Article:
The setup consists of a pole mounted X-Band converter unit connected by coax to a signal source (for MDS) and an amplifier/power meter located near the radios to be tested some 200-300 feet away. The MDS test must be performed first to align the radio antennas with that of the converter. A signal generator is connected to the IF coax and a suitable frequency (145 MHz) and power level (-40 dBm set to transmit an easily detectable carrier around 10368 MHz at the output of the converter.

MDS for Receive

Each participant adjusts their equipment and the system antenna for maximum signal as the power level of the signal generator is reduced to the point where it is no longer detectable by the radios. The level at which the signal can just be detected is considered the MDS.

ERP for Transmit

The ERP measurement is performed by connecting the IF coax to the amplifier and power meter. Each radio transmits one at a time and the power meter reading recorded. The variable attenuator is adjusted to keep the reading in a suitable power range for the power meter and amplifier. For the amplifier used, the maximum output power was about +10 dBm and the power meter range is about –20 to + 10 dBm so the attenuator was adjusted to keep the reading in the –20 to 0 dBm range.

The choice of the IF frequency for the converter depends on what is available for a 10 GHz local oscillator but needs to be low enough to keep the losses reasonable through hundreds of feet of coax. The amplifier gain and maximum output need to be based on the power meter characteristics. The signal generator needs to match the IF frequency chosen, have suitable stability for CW work (NB only), and have variable output (may be an external attenuator).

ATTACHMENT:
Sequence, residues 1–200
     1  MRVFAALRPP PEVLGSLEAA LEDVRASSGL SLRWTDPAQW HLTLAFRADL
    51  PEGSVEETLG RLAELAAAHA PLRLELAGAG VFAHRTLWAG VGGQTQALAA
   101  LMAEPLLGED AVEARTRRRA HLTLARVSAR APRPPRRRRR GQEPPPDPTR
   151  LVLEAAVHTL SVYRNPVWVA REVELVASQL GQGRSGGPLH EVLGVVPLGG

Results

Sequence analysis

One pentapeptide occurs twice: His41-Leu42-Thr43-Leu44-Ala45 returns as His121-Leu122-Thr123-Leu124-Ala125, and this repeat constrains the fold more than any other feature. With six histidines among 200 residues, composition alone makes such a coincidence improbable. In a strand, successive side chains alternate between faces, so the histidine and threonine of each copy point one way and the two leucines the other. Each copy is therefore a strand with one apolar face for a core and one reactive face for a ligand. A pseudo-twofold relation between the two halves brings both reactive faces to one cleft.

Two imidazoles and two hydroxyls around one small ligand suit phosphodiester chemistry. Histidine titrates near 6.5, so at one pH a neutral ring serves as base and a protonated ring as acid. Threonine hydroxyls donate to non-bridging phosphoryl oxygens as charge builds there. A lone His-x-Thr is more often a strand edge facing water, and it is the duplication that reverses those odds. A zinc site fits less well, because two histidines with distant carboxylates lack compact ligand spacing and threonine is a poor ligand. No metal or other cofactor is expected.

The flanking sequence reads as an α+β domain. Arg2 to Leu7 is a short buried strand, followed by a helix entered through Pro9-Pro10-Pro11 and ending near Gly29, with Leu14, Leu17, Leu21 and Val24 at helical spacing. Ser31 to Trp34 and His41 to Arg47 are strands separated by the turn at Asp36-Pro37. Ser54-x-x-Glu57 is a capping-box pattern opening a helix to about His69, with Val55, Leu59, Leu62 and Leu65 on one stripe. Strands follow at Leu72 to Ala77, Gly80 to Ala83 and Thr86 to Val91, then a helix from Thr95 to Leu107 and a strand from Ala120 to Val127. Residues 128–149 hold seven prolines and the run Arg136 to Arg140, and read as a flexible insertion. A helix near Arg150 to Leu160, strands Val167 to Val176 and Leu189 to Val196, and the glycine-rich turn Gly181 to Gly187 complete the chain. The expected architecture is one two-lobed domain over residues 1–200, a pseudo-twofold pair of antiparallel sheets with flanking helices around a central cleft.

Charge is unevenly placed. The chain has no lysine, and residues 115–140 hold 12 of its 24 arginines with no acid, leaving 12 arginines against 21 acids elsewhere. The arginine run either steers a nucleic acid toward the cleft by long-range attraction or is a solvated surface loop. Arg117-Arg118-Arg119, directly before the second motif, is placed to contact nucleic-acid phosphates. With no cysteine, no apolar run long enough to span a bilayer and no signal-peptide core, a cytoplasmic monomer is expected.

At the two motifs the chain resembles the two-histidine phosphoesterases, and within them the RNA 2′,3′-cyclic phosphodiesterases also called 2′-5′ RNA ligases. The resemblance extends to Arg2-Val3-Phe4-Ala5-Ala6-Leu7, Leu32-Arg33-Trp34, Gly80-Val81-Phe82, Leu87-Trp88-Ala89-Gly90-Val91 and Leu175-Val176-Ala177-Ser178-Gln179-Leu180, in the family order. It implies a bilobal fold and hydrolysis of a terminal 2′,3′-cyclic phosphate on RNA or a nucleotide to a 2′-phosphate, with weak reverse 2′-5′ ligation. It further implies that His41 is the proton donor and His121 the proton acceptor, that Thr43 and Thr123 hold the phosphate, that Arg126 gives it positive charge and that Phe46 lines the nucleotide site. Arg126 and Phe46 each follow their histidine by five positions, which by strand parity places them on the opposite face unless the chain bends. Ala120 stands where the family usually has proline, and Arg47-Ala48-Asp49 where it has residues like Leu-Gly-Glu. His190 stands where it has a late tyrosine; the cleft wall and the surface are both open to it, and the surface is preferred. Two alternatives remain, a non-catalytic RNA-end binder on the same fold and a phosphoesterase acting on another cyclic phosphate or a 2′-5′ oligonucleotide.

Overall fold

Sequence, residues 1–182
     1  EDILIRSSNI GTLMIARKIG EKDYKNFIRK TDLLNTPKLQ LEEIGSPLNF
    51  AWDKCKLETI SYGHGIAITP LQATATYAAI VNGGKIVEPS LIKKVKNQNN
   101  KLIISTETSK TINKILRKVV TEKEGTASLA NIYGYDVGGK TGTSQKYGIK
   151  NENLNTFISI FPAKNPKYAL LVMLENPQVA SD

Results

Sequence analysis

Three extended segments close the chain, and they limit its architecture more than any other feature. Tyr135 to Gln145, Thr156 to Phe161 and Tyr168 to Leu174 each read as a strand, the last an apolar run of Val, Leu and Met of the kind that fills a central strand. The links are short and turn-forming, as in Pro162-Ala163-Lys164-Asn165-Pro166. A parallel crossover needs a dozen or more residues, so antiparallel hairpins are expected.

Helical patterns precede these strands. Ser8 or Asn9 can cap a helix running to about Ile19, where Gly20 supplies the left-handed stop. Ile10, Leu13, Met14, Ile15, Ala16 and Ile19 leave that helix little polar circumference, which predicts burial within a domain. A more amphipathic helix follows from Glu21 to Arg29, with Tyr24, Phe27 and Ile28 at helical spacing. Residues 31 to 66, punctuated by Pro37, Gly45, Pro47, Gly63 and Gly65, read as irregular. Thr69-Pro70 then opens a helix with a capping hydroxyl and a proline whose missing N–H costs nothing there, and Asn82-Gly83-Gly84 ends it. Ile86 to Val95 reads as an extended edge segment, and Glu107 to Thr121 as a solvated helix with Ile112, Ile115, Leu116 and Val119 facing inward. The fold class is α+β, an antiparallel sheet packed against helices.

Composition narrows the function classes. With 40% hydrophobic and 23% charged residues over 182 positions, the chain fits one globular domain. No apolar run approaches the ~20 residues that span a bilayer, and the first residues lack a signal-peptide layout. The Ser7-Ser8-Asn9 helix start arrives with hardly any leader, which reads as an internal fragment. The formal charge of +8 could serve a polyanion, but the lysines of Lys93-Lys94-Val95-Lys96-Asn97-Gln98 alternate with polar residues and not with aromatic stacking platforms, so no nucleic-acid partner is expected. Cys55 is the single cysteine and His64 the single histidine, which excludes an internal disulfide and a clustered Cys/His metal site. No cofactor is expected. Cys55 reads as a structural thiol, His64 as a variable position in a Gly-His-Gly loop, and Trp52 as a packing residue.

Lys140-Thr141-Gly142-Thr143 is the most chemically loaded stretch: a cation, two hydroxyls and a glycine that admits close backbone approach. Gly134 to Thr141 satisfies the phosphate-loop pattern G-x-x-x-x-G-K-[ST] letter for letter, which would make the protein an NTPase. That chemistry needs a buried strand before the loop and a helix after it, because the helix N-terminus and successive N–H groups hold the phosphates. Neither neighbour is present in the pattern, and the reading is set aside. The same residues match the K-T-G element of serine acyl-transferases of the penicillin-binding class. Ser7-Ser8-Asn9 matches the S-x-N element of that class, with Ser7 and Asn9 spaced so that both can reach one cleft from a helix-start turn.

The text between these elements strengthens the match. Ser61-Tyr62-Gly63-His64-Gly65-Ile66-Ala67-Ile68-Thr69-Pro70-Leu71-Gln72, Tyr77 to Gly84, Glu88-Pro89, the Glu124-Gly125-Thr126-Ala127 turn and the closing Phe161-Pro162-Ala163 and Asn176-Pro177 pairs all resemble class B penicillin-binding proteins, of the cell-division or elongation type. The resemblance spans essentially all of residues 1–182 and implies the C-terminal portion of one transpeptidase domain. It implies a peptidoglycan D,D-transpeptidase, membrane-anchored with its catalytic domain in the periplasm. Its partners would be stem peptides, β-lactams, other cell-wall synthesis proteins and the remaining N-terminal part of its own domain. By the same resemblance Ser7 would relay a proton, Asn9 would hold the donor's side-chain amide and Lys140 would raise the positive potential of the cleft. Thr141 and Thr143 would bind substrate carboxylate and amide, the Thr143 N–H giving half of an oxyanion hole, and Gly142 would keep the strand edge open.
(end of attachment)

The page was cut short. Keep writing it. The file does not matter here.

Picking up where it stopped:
The converter consists of a Frequency West Brick as a 10,223 MHz local oscillator for a mixer used as an upconverter for MDS and down converter for ERP. The converter has a 13 dB horn antenna connected to the mixer RF port. Power is supplied by a 12V battery on the ground with a DC/DC converter supplying the required voltage for the local oscillator. The coax used is 300 feet of RG-59 which was readily available. No attempt to correct matching losses for the 75 ohm coax has been made. The loss of the coax and mixer as well as the amplifier gain was measured at the operating frequencies. It is not really necessary if only relative measurements are to be performed but it does allow a good comparison between measured and calculated values.